VATICAN CITY. The Congregation for the Doctrine of the Faith has urged the U.S. bishops to proceed with caution in their discussions about formulating a national policy “to address the situation of Catholics in public office who support legislation allowing abortion, euthanasia or other moral evils.”
Cardinal Luis Ladaria, congregation prefect, reiterated what he said he had told several groups of U.S. bishops during their 2019-2020 “ad limina” visits, namely that “the effective development of a policy in this area requires that dialogue occurs in two stages: first among the bishops themselves, and then between bishops and Catholic pro-choice politicians within their jurisdictions.”
In the letter to Archbishop José H. Gomez of Los Angeles, president of the U.S. Conference of Catholic Bishops, Cardinal Ladaria also insisted: such a policy cannot usurp the authority of an individual bishop in his diocese on the matter; the policy would require near unanimity; and it would be “misleading” to present abortion and euthanasia as “the only grave matters of Catholic moral and social teaching that demand the fullest level of accountability on the part of Catholics.”
The letter, dated May 7 and obtained by Catholic News Service in Rome, said it was in response to a letter from Archbishop Gomez informing the doctrinal congregation that the bishops were preparing to address the situation of Catholic politicians and “the worthiness to receive holy Communion.”
Cardinal Ladaria warned that without the unanimity of the bishops, a national policy, “given its possibly contentious nature,” could “become a source of discord rather than unity within the episcopate and the larger Church in the United States.”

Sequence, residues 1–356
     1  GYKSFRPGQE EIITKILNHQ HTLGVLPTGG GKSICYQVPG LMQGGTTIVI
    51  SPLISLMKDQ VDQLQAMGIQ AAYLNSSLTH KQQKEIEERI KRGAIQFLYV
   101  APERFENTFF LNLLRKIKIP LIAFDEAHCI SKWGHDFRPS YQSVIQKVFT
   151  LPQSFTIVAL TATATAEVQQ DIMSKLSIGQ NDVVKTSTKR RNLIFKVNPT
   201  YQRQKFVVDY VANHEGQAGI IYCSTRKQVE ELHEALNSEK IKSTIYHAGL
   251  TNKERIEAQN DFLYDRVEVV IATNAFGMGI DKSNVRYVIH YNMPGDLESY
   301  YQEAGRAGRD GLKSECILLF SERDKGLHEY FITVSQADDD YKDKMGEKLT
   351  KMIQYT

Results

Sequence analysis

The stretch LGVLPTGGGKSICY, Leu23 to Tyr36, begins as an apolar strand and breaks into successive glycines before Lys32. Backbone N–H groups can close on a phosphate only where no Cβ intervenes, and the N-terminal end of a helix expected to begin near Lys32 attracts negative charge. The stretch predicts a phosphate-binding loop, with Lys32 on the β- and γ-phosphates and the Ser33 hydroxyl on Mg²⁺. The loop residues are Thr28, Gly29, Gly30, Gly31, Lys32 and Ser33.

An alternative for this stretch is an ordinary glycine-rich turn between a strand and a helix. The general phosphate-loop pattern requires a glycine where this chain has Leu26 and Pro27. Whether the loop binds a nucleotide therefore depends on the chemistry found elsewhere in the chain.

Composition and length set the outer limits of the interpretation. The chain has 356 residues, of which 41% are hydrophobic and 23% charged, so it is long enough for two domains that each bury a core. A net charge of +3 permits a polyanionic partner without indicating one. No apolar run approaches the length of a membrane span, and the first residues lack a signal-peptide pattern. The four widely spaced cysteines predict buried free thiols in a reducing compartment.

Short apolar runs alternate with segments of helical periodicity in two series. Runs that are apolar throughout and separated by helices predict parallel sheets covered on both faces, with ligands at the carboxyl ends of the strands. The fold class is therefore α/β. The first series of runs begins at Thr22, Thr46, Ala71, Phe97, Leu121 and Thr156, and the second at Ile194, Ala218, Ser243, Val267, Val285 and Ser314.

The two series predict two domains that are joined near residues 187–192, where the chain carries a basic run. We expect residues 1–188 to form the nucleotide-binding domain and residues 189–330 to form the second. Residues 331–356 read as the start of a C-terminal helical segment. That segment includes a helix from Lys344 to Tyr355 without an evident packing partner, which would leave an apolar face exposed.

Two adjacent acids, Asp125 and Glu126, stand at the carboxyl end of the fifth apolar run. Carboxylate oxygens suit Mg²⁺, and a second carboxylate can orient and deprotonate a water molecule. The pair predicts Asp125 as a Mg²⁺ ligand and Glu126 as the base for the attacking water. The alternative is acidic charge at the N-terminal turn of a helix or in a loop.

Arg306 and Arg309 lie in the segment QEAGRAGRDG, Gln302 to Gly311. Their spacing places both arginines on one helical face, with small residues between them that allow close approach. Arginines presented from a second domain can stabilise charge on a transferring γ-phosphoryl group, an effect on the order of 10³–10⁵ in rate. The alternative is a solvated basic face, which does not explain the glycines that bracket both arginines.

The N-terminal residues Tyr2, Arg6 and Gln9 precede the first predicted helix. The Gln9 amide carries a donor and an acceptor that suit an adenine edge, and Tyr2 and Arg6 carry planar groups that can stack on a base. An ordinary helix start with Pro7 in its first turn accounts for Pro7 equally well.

The cardinal also suggested the discussion “would best be framed within the broad context of worthiness for the reception of holy Communion on the part of all the faithful, rather than only one category of Catholics, reflecting their obligation to conform their lives to the entire Gospel of Jesus Christ as they prepare to receive the sacrament.”
Given the importance of the issue, which goes beyond the boundaries of the United States, Cardinal Ladaria also said, “Every effort should be made to dialogue with other episcopal conferences as this policy is formulated in order both to learn from one another and to preserve unity in the universal Church.”
Writing to Archbishop Gomez, Cardinal Ladaria said the U.S. bishops need an “extensive and serene dialogue” among themselves and between individual bishops and Catholic politicians in their dioceses who do not support the fullness of the Church’s teaching to understand “the nature of their positions and their comprehension of Catholic teaching.”
Only after both dialogues, the cardinal said, the bishops’ conference “would face the difficult task of discerning the best way forward for the Church in the United States to witness to the grave moral responsibility of Catholic public officials to protect human life at all stages.”
“If it is then decided to formulate a national policy on worthiness for Communion, such a statement would need to express a true consensus of the bishops on the matter, while observing the prerequisite that any provisions of the conference in this area would respect the rights of individual ordinaries in their dioceses and the prerogatives of the Holy See,” the cardinal said, citing St. John Paul II’s 1998 document on bishops’ conferences.